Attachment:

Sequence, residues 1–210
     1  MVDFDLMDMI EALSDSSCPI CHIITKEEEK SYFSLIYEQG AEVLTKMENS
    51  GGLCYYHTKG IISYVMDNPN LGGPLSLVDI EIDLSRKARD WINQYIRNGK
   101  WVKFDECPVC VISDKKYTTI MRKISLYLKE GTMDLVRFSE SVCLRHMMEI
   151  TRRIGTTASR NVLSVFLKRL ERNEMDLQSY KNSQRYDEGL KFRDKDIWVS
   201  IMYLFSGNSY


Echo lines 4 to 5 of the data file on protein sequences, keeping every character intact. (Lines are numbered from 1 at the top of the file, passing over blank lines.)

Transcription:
   101  WVKFDECPVC VISDKKYTTI MRKISLYLKE GTMDLVRFSE SVCLRHMMEI
   151  TRRIGTTASR NVLSVFLKRL ERNEMDLQSY KNSQRYDEGL KFRDKDIWVS